Journal of Medical Physics
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REVIEW ARTICLE
Year : 2008  |  Volume : 33  |  Issue : 4  |  Page : 136-140

Tumor delineation: The weakest link in the search for accuracy in radiotherapy


Tyler Cancer Center (US oncology), Radiation Oncology Department, 910 East Houston Street, Tyler, Texas, 75702., USA

Correspondence Address:
C F Njeh
Tyler Cancer Center, Radiation Oncology Dept., 910 East Houston Street, Tyler, Texas, 75702
USA
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Source of Support: None, Conflict of Interest: None


DOI: 10.4103/0971-6203.44472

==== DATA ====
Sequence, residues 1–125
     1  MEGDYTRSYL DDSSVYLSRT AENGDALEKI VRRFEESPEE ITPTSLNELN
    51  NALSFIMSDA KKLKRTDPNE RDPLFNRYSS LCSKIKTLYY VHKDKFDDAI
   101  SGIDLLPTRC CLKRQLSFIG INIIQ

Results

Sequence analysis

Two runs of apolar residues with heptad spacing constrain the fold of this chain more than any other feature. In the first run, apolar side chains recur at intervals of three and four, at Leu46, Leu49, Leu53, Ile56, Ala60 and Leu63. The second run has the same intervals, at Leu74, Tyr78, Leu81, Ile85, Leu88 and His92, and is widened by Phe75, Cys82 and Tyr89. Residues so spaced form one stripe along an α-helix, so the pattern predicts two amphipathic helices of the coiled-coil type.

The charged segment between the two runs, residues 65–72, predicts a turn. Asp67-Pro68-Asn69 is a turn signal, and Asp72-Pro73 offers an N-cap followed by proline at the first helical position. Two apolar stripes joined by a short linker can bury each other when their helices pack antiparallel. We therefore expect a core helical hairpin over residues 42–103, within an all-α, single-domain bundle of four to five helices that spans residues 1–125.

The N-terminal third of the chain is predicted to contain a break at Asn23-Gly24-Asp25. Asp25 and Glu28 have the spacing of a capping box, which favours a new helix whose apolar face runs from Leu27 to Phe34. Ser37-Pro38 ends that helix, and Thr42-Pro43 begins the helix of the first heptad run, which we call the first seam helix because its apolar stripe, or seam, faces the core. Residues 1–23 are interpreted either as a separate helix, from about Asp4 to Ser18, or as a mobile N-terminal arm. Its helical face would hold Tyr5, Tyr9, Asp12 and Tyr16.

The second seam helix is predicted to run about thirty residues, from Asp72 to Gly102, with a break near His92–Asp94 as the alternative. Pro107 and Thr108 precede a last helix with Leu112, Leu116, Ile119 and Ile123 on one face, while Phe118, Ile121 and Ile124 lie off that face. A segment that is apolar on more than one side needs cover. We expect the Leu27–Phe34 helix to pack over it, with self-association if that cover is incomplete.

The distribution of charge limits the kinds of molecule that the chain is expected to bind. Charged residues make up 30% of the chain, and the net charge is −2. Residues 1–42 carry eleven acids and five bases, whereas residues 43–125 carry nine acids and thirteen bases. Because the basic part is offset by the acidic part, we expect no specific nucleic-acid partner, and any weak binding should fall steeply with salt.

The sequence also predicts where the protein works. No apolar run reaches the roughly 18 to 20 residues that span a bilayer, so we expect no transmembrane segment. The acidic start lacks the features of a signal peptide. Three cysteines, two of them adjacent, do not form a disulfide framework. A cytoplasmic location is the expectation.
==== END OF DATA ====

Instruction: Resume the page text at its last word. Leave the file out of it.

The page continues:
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Radiotherapy is one of the most effective modalities for the treatment of cancer. However, there is a high degree of uncertainty associated with the target volume of most cancer sites. The sources of these uncertainties include, but are not limited to, the motion of the target, patient setup errors, patient movements, and the delineation of the target volume. Recently, many imaging techniques have been introduced to track the motion of tumors. The treatment delivery using these techniques is collectively called image-guided radiation therapy (IGRT). Ultimately, IGRT is only as good as the accuracy with which the target is known. There are reports of interobserver variability in tumor delineation across anatomical sites, but the widest ranges of variations have been reported for the delineation of head and neck tumors as well as esophageal and lung carcinomas. Significant interobserver variability in target delineation can be attributed to many factors including the impact of imaging and the influence of the observer (specialty, training, and personal bias). The visibility of the target can be greatly improved with the use of multimodality imaging by co-registration of CT with a second modality such as magnetic resonance imaging (MRI) and/or positron emission tomography. Also, continuous education, training, and cross-collaboration of the radiation oncologist with other specialties can reduce the degree of variability in tumor delineation.


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